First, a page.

Why Does My Kitten Suck or Nurse on My Blankets?

From kittenhood to adulthood, cats can be hilarious goofballs.

While their playful and quirky nature makes them wonderful and entertaining companions, for observant pet owners, it can also add a shroud of uncertainty over whether a specific behavior is just a cat thing or an underlying health or behavioral concern.

For instance, you may wonder why does my kitten suck on blankets?

In the vast majority of cases, a kitten nursing on a blanket is a completely normal habit. However, there are some instances—especially in older felines—where it could indicate a deeper issue.

But before you decide whether to dissuade your cat or just let them be, let’s review the more common reasons for kittens nursing on blankets.

Why Is My Kitten Nursing On a Blanket? Is It a Problem? 

Practically every breed of cat will exhibit nursing or suckling behaviors, especially early on in life.

They may find a blanket, an article of clothing, or even a finger and then go to town, sucking contentedly. And that behavior may also be accompanied by exuberant purring and kneading.

Generally speaking, there’s nothing inherently wrong with a cat suckling on household items. In most instances, the only thing you should be alarmed about is the potential ravaging (and soaking) of a prized sweater, blanket, or bedsheet. And that statement is especially true if you’re dealing with a suckling kitten.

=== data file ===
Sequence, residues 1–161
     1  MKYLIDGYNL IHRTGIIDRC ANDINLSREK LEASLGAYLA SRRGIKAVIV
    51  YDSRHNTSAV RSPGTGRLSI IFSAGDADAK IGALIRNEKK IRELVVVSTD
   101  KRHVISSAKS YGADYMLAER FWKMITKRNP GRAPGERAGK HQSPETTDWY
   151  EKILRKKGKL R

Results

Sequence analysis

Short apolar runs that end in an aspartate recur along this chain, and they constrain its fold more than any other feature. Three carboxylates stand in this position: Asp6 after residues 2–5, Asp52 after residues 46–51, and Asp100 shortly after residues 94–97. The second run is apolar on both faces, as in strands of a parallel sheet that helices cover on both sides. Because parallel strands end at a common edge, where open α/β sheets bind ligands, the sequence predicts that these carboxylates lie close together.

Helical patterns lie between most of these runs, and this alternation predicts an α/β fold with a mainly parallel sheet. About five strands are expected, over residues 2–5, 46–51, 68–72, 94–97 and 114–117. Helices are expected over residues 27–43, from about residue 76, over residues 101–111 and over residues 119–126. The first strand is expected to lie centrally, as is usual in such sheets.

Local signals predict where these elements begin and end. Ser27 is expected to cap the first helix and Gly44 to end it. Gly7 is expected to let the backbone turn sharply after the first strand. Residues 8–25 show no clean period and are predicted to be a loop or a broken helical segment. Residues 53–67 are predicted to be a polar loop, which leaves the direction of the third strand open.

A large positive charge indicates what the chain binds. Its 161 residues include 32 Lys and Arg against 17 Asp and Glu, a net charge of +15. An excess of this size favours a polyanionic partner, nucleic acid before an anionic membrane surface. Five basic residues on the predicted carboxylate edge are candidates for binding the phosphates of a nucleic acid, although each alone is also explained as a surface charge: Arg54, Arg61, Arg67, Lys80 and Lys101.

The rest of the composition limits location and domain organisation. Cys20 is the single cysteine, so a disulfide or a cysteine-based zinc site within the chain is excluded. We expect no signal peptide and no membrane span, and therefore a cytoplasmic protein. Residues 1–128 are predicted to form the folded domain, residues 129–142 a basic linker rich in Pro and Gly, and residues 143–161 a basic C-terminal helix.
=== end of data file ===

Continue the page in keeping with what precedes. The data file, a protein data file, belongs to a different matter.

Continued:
Having said that, there are some cases where this behavior should be cause for alarm, particularly for mature felines.

Below are the five most common reasons for a kitten sucking on a blanket.

#1 Natural Instinct

Nursing is a natural instinct that doesn’t need to be taught—it’s an innate survival mechanism developed in their pre-domestication days that’s still going strong.

Like a human baby, kittens pop out of the womb hungry and on the prowl for a teat to suckle. If one’s not readily available, they’ll search for a replacement, such as a:

  • Finger
  • Blanket
  • Bottle
  • Clothing item
  • Fuzzy toy

While this evolutionary purpose is to ensure that they quench their first, over time, it also bonds them to their mother. Both babies and kittens comfort-nurse for safety, warmth, and sleep.

Put simply, it’s a self-soothing mechanism, like toddlers sucking their thumb.

And that natural drive can stay with them even as they mature. Though, with time, the reliance on suckling random objects should subside.

#2 The Kitten Was Weaned Too Early

Along these lines, one of the most common reasons a kitten may exhibit habitual suckling is that they were, unfortunately, prematurely separated from their mother.

Most experts recommend that a kitten shouldn’t begin weaning until three to four weeks old. And that process will usually take several weeks before the kitten is comfortable drinking from a bowl.

Furthermore, kittens shouldn’t be separated until they’re ready. Typically, the earliest a kitten should be separated from the queen (mother cat) is at 8 weeks. But even this can be too early.1

If a kitten is orphaned, taken from its mom too soon, or bottle-fed from birth, it could cause psychological and behavioral scars that stay with the cat into adulthood. In response, a kitten kneading and sucking a blanket may be its subconscious way of reminding itself of its mother and litter.

Such a behavior is largely instinctual, but it could develop into a habit that lasts into adulthood.



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